Monthly Archives: May 2017

Know More About Seinfeld and Love

When using pop culture as a reference for relationships, people may assume that Seinfeld is a poor choice. After all, the foursome used nearly any excuse to end their relationships with significant others, ranging from being a low talker to having “man hands.” However, I find the show to be extremely useful in illustrating an interesting point regarding interpersonal attraction — that of similarity between partners. But, before the show, let’s touch on the science.

The Science

Research has shown that we like others who are similar to ourselves (Byrne, 1961). In fact, research conducted at MIT, which examined the contacts made between people of different demographics on an online dating site, demonstrated that users opted for similarity (Fiore & Donath, 2005). However, when this similarity hits too close to home, it may actually dampen arousal and become problematic.

The idea that opposites attract is a common misconception. Instead, birds of a feather flock together. We choose people who are similar to ourselves, especially when it comes to our values, beliefs, and morals. The principle by which we choose similar others to affiliate with can be illustrated nicely by assortative mating. Assortative mating involves the nonrandom coupling of individuals who resemble one another on one or more characteristics (Buss, 1984; Watson, Beer, & McDade-Montez, 2013).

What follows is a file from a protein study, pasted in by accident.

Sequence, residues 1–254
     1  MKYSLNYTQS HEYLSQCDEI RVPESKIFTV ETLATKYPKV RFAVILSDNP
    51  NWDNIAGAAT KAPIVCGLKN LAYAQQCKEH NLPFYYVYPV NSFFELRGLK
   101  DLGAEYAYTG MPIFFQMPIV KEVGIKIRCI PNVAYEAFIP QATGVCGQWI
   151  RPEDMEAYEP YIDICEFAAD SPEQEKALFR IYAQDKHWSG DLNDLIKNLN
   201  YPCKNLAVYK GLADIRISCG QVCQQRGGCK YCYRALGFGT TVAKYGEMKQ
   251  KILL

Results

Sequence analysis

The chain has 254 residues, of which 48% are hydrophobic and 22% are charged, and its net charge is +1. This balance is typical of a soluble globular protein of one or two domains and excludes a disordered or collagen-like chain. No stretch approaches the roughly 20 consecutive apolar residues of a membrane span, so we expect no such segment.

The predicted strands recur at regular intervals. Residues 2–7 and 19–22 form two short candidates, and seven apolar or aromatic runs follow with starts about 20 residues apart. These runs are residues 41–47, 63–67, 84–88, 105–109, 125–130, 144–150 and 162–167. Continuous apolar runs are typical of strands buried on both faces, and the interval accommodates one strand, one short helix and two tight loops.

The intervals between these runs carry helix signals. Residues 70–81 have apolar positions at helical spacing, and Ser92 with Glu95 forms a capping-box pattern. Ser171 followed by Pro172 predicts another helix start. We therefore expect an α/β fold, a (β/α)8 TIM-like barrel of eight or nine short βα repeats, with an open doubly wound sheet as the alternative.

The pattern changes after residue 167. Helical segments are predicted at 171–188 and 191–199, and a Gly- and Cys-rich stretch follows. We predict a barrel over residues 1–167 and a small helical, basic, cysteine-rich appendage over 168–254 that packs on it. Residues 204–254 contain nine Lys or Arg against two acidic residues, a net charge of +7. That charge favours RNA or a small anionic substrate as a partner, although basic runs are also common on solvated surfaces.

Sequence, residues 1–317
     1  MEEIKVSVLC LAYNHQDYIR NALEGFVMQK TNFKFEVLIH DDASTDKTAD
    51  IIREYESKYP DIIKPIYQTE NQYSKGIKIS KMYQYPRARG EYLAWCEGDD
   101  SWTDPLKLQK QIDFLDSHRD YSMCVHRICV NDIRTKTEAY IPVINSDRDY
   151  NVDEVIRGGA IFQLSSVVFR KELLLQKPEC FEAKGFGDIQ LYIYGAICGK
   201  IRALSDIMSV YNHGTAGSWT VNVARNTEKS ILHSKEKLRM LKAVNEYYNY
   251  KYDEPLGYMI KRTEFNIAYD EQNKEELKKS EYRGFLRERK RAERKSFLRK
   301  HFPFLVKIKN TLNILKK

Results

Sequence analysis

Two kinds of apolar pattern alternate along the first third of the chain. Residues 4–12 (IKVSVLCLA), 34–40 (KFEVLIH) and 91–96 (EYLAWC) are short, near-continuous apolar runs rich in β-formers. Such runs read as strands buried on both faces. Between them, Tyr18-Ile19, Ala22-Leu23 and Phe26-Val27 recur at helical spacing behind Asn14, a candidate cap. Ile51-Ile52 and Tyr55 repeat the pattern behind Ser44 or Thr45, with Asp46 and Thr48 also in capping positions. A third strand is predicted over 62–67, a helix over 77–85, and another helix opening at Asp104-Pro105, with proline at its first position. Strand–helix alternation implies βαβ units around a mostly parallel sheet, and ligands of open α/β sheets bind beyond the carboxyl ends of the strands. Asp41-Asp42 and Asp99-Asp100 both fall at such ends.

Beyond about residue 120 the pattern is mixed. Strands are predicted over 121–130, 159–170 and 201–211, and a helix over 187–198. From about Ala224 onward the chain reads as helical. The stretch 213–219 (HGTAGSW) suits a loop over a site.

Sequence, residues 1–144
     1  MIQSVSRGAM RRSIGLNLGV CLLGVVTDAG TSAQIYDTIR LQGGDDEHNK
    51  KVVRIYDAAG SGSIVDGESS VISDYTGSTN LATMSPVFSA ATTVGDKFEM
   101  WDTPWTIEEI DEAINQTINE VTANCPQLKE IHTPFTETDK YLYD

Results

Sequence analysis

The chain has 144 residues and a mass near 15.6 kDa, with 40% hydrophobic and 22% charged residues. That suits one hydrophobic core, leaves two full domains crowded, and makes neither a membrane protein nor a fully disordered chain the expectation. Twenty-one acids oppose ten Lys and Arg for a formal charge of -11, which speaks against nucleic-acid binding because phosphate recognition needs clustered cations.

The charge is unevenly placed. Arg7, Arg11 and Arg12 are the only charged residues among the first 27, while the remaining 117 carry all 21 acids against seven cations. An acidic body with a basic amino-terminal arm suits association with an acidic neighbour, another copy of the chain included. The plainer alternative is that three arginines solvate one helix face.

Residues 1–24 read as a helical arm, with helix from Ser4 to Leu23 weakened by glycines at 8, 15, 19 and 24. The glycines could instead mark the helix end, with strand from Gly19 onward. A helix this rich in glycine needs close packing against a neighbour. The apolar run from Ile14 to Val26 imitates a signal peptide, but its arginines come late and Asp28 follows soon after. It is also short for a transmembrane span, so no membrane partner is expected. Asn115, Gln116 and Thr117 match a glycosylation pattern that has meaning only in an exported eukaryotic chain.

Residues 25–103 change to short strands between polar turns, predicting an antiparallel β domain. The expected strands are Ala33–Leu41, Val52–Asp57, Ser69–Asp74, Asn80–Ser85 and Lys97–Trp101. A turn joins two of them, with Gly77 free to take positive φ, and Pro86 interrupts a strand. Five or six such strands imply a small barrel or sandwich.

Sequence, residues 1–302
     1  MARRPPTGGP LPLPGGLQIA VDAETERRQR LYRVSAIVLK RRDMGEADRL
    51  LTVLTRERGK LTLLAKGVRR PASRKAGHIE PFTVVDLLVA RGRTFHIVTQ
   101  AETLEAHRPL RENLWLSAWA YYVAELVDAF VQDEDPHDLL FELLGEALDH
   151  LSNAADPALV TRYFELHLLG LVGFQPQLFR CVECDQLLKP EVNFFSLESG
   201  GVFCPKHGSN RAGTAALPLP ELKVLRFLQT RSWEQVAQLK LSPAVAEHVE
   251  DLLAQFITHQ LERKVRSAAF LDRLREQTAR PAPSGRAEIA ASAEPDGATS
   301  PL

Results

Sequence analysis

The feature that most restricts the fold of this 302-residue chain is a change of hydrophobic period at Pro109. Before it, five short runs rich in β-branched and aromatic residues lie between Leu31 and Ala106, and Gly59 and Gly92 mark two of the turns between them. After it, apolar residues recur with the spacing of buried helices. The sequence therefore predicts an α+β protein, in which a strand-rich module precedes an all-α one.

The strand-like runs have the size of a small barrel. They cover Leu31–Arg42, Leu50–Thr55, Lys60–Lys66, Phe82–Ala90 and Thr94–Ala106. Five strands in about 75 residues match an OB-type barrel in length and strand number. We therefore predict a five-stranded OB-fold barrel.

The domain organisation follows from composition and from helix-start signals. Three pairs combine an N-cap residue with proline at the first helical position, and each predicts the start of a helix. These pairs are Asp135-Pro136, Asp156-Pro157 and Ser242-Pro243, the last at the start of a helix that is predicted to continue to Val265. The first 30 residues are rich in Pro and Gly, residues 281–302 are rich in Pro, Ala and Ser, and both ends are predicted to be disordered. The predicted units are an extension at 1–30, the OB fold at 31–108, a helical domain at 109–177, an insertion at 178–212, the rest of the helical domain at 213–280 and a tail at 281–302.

Beyond interests, recent research demonstrates that we also prefer people who look like us. Yes, look like us.

In a 2010 study by Fraley and Marks, a series of experiments was conducted to examine peoples’ ratings of another’s attractiveness and whether or not our aversion to those genetically related to us is conscious. The researchers investigated if we have a bias toward those who are similar to us, but reject this inclination once we are made aware of the physical similarity.

In the first of their series of studies, participants were either subliminally presented with a picture of their opposite-sex parent or a stranger. After the presentation of one of the faces, participants were shown another stranger and were told to rate his/her attractiveness. Those subliminally presented with their opposite-sex parent, rated the stranger as more attractive than those subliminally presented with a stranger. Therefore, the participants were primed by a relative, someone who looks similar to themselves, and this made them rate the picture of the new individual as more attractive. In the second experiment, a stranger’s face was either morphed with another stranger or a picture of the subject’s own face. Subjects rated the image morphed with their own face as more sexually attractive, again showing a bias for people like ourselves.

The Show

So how does this relate to my favorite 90s sitcom? In the famous episode where Jerry meets Janeane Garofalo’s character, Jeannie Steinmann, a woman who both looks like and acts like Seinfeld, the two instantly fall in love. He quickly proposes to her making good on the pact he made with George to get engaged. All seems well, until Jerry becomes cognizant that they are just too similar. In a span of one episode he goes from declaring that he wanted someone just like himself to saying that he hates himself and wants someone completely opposite.